DNA Alcohol Intolerance Test
Does your face turn red when you drink? Do you experience severe hangovers from just one drink? If you answered yes, you may be alcohol intolerant. Find out your risk of alcohol intolerance with this DNA test.
- Includes mutations in ADH and ALDH genes that affect alcohol metabolism
- Alcohol intolerance is linked to higher risk of esophageal cancer:
– 10X increased risk for moderate drinkers– 90X increased risk for heavy drinkers
- People with one or more mutations are harming their health every time they consume alcohol
The majority of the alcohol we consume, which is also known as ethanol, is cleared from our body through a two-step process that involves two enzymes. During the first step of alcohol metabolism, ethanol is converted into acetaldehyde by alcohol dehydrogenase (ADH). Acetaldehyde is a toxic chemical, but it is quickly converted to acetate by aldehyde dehydrogenase (ALDH) during the second step of alcohol metabolism. The end product of this process, acetate, can be easily broken down into carbon dioxide and water.
Individuals with genetic variations in the alcohol metabolism pathway may generate acetaldehyde too quickly or not eliminate it fast enough. This can lead to the dangerous accumulation of acetaldehyde in the body, even when moderate amounts of alcohol are consumed.
To determine whether you have inherited DNA changes that affect your ability to metabolize alcohol and may increase your risk of serious health complications, a simple mouth swab test is all that is needed.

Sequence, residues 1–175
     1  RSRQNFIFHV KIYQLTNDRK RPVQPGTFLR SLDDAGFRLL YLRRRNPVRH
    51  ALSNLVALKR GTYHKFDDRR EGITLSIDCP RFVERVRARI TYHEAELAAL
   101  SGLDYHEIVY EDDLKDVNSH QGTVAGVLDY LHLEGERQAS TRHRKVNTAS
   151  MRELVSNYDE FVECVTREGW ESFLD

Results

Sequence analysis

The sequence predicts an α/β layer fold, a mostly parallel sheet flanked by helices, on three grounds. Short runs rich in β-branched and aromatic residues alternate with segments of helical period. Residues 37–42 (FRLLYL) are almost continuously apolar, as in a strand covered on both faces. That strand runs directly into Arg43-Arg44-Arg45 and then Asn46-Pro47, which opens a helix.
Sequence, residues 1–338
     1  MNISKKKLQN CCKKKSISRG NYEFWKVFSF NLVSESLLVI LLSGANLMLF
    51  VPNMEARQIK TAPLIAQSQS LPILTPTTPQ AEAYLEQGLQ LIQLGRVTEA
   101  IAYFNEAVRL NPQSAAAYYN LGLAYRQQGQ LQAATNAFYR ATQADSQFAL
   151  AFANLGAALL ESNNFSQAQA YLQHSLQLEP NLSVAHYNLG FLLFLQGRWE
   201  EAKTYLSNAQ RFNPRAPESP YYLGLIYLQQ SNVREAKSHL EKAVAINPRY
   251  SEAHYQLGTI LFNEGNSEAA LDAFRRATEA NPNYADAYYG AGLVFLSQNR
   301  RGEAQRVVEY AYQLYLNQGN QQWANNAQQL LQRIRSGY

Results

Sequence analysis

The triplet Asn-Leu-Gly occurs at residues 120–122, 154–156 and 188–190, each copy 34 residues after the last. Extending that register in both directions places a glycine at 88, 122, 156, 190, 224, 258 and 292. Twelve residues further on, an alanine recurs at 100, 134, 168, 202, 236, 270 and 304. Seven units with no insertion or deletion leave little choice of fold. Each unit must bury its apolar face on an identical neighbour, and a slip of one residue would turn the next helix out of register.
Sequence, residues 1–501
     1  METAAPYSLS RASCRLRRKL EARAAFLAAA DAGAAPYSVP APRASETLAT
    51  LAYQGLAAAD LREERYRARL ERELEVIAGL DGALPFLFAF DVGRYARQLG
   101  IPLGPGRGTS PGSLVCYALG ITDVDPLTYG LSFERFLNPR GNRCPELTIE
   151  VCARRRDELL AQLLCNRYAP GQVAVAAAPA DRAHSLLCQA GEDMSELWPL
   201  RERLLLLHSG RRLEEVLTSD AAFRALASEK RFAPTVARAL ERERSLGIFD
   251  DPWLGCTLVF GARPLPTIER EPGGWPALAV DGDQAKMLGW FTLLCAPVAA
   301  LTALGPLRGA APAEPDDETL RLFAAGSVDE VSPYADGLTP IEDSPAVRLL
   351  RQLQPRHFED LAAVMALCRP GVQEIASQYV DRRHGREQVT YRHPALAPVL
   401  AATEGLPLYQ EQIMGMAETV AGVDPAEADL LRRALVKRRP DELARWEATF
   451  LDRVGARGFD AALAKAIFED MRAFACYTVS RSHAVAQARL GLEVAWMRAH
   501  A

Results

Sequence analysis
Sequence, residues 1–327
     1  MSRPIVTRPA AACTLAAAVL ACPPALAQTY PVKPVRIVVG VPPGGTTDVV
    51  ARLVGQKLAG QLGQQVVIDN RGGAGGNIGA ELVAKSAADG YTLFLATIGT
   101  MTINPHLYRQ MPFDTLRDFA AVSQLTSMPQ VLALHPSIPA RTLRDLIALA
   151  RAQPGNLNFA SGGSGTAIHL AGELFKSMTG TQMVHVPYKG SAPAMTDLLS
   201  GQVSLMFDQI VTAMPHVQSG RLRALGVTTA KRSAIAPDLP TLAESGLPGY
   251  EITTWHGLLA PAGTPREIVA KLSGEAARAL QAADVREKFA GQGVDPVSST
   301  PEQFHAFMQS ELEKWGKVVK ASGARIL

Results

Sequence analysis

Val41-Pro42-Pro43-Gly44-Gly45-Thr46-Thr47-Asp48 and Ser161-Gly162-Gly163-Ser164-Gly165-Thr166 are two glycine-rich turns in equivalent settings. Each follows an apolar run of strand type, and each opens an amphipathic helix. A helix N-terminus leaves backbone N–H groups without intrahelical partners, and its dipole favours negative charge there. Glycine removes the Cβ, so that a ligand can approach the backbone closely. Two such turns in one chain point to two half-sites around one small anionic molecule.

Individuals with genetic variations in the alcohol metabolism pathway may either produce acetaldehyde too quickly or have difficulty eliminating it efficiently, leading to a hazardous accumulation of toxic acetaldehyde in the body, even with moderate alcohol consumption.
Identified Genetic Variants
- ADH1B and ADH1C genes convert ethanol to acetaldehyde in the first step of alcohol metabolism. Variants in these genes increase ADH enzyme activity, leading to the accumulation of acetaldehyde.
- ALDH2 gene converts acetaldehyde to acetate in the second step of alcohol metabolism. A common variant in this gene decreases ALDH enzyme activity, resulting in slower elimination of toxic acetaldehyde.
Health Risks for Heterozygotes
Heterozygotes inherit two different versions of a specific gene. The cumulative effect of ADH1B, ADH1C, and ALDH2 genes can impact individuals differently. For example:
- Individuals with two slow ALDH2 alleles have:
- No detectable ALDH enzyme activity
- Severe side effects
- Heterozygotes for ALDH2 (one fast allele and one slow allele) have:
- A 30-50% reduction in ALDH enzyme activity
- Moderate side effects
- An increased risk of health complications, such as:
- A tenfold increase in the risk of esophageal cancer for moderate drinkers
- A ninetyfold increase in the risk of esophageal cancer for heavy drinkers
SYMPTOMS OF ALCOHOL INTOLERANCE
If you are genetically susceptible, every drink you consume is harming your health
- Immediate reactions: facial flushing, nausea, dizziness, headaches, increased heart rate, insomnia, severe hangovers
- Increased risk of esophageal cancer: 10X increased risk for moderate drinkers and up to a 90X increased risk for heavy drinkers
- Cardiovascular problems
- Memory loss
- Mental confusion
- Psychological issues
HOW IT WORKS
Step 1: Order test kit online
Step 2: Collect DNA sample using a painless mouth swab, and mail to the lab in the provided return envelope
Step 3: Receive your results online